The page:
Art and Death in Southern Côte d’Ivoire

by Robert Soppelsa
US State Department / Art in Embassies (formerly Washburn University)

Archaeological site, Aowin peoples, Côte d’Ivoire. Photo by Patricia D. Coronel. Submitted by Robert Soppelsa.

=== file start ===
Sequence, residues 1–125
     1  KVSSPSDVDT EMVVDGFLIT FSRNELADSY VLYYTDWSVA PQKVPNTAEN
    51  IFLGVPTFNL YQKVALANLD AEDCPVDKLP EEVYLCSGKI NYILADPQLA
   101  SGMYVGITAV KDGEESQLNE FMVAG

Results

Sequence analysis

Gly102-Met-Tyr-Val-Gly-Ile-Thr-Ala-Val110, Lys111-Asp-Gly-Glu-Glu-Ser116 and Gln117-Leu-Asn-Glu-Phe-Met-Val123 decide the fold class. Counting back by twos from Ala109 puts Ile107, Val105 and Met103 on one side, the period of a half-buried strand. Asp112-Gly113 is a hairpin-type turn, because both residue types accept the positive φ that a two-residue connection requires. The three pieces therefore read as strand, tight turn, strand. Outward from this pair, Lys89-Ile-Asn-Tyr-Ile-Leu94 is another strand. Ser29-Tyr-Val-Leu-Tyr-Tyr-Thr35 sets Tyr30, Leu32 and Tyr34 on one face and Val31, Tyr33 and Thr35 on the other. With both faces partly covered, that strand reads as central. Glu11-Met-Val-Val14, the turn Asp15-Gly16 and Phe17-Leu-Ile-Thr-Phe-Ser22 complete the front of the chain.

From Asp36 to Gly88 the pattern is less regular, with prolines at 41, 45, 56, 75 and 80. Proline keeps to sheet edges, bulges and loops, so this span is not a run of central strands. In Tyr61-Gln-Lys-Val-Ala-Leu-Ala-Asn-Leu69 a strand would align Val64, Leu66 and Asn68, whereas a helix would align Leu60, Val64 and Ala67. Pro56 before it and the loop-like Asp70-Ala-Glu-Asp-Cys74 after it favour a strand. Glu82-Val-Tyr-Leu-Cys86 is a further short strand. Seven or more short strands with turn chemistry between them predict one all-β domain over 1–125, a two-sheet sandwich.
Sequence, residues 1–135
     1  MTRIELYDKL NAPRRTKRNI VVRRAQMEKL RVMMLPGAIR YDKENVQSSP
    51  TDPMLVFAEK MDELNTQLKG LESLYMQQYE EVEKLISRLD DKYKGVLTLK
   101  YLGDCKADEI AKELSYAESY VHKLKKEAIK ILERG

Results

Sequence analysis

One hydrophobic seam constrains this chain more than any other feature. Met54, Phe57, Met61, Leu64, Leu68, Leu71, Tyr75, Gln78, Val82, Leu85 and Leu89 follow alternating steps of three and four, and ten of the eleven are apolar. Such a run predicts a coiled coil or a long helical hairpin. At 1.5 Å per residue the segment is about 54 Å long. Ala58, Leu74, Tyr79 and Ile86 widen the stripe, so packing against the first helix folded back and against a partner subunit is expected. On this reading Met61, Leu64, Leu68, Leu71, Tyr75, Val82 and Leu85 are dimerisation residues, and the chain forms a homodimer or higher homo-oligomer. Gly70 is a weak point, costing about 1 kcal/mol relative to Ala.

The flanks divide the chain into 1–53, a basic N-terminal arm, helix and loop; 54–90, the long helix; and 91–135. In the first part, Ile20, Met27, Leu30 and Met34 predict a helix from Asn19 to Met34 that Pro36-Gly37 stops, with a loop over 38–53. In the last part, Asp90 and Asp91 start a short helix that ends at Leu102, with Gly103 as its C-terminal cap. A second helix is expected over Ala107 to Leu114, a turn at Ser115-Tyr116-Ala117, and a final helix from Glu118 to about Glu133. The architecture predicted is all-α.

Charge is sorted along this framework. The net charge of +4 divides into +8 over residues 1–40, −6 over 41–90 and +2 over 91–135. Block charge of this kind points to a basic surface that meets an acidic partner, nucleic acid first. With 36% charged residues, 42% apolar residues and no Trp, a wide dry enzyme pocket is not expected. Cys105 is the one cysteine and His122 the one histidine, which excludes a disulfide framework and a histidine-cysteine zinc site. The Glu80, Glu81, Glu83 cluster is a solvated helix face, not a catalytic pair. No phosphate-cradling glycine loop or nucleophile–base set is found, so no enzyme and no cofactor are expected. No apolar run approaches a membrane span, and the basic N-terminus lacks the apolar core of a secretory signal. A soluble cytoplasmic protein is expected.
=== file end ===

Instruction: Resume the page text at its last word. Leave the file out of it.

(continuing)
This photograph of an Aowin archaeological site was taken in the early 1970s. The Aowin, like the Anyi, call the place, where terracotta portraits are "planted," the mmaso. It is always just outside town, usually near a main access route into town (modern roads seldom follow these same paths, which were footpaths in the forest). Characteristically, objects and fragments of objects (heads, torsos, arms, hands) are scattered in seeming random fashion on the forest floor, in close proximity with simple cooking pots, "hearth pots," which are hollow-bottomed pots used in domestic cooking, and sometimes other dishes and utensils such as spoons. Archaeologists have found little evidence that any of the kitchenware at these sites was ever used for cooking. However, numerous descriptions of the installation of sculptures (called "planting") mention that they are given a feast, which is repeated on important ceremonial occasions. Among the Anyi, women with fertility problems eat this food, hoping it will increase their chances of bearing healthy children.